Writing your Will isn’t normally a one-and-done process. Your life is ever-changing, and from time to time, you’ll want to revisit and revise your will to match your current situation. Changes in your age, your children’s age, the birth of a grandchild, declines in a family member’s health, and, equally important, changes in state and federal law, especially tax laws often warrant a review of your current Will and overall estate planning goals.
Updating your Will and overall estate plan is generally recommended after any change of life event or major circumstance changes, provided you’re not being coerced by another party to do so. Here are six common reasons to consider updating your existing Will.
1. Your family situation has changed.
Since you drafted your original Will, your family dynamics may have changed. Changes to your own health, your spouse’s health, or that of one of your children can prompt the need to also determine if a Will alone is sufficient to protect you and them in the future – especially if you may cease to have the capacity to update your Will at a later time. An addition to the family, including children and grandchildren, can prompt you to reconsider your beneficiaries, especially if they are under the age of eighteen (18) or twenty-one (21). Additionally, it is always important to consider updates to your designated testamentary guardians, particularly as your children become more established in their education and community connections such that placing them with an out-of-state guardian may not be in their best interests.
Family-related Will change can also be required in the event of a divorce or the passing of a family member who was named as a beneficiary. As soon as possible after these events occur, you’ll want to update your Will to ensure your assets are distributed according to your current wishes.
2. Your relationships have changed.
As life goes on, relationships, including those with romantic partners, family, and friends can change. You may not have the same closeness you once did with someone or are unsure if a beneficiary in your Will is able to take on your assets once you pass. Those you may have chosen as executors of your Will may not be able to hold this role anymore, making it crucial to reflect these changes in your current Will.
3. You’ve moved or acquired an out-of-state asset.
Laws governing estate planning and the validity of Wills can vary based on where you live. For instance, if you recently moved to Virginia from another state or country, you may wish to consult with a local attorney to ensure everything in your Will is still valid as written — particularly if you purchased a home in Virginia. It may be best to review the differences in the probate laws of Virginia versus the state or country from which you relocated. Similarly, if you recently purchased an out-of-state property that you plan to leave to a loved one, be sure you understand whether using a Will is the best tool for doing so as well as the gift tax consequences for such a devise.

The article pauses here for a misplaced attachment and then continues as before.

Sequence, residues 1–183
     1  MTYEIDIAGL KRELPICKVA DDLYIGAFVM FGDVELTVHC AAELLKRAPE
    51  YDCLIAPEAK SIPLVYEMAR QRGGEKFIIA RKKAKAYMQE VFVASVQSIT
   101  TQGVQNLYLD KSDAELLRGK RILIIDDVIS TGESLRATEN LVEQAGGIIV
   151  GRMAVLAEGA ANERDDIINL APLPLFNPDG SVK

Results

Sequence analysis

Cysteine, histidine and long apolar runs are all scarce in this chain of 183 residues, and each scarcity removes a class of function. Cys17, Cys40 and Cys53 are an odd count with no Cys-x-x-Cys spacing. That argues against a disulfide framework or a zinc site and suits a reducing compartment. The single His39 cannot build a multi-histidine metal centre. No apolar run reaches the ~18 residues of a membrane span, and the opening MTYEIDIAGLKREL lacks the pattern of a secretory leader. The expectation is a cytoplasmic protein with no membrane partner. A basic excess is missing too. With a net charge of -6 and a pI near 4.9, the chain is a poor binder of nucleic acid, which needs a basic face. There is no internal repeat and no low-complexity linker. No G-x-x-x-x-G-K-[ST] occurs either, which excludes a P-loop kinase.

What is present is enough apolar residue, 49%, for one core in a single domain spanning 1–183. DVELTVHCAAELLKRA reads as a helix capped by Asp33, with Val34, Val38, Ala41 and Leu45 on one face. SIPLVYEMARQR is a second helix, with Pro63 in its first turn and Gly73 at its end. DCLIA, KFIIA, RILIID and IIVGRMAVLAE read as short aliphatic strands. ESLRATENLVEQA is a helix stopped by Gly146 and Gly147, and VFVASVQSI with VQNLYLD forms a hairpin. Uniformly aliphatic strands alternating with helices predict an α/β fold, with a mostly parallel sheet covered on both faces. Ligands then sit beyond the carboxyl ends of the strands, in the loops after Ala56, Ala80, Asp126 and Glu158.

4. Tax or estate laws have changed
Federal and state tax laws are constantly in flux, and the new Biden Administration is expected to propose some changes that could impact your current estate plans. Understanding these laws and making changes to your Will and your overall estate plan could be critical to ensuring you transfer assets to your loved ones using the most effective estate planning tools available.
5. Your assets have changed
Another reason to update your Will is either a sharp increase or decrease in your current assets. If your asset value is no longer as high as it was, you may want to reevaluate the distribution of your assets in your will.
Additionally, if your assets have increased, you may want to re-allocate your distribution plans for your named beneficiaries or add more beneficiaries. It’s also possible and often advised to create a trust, which could keep your heirs from having to go through probate in order to inherit certain assets.
6. You’ve had a change of heart
Another reason is, quite simply, that you may have experienced a change of heart in your current relationships or assets, which warrants an update to your will and overall estate plan. Maybe you drafted your will when you were young and have a different idea of how you’d like to distribute your assets. Maybe your children are grown adults, with different financial or life circumstances. Whatever the reason, it’s common to make adjustments to your will based upon careful thought and consideration of life’s changes.
Updating your Will? Get help from an experienced estate planning attorney.
Estate planning involves many types of choices and knowledge of the available tools to best implement those choices. Trying to update your Will on your own or determine which tools might serve you best can be difficult and stressful. Therefore, it’s important to work with a seasoned estate planning attorney to help you become fully informed of the tools available to you and avoid any potential issues along the way.
The Law Office of Patricia E. Tichenor, P.L.L.C. has 20 years of experience handling estate planning matters for Virginia residents. If you need help drafting or updating your Will, or your other estate planning documents such as powers of attorney or a trust, we can guide you and your family through the process. Contact us to schedule a free consultation about your estate planning needs.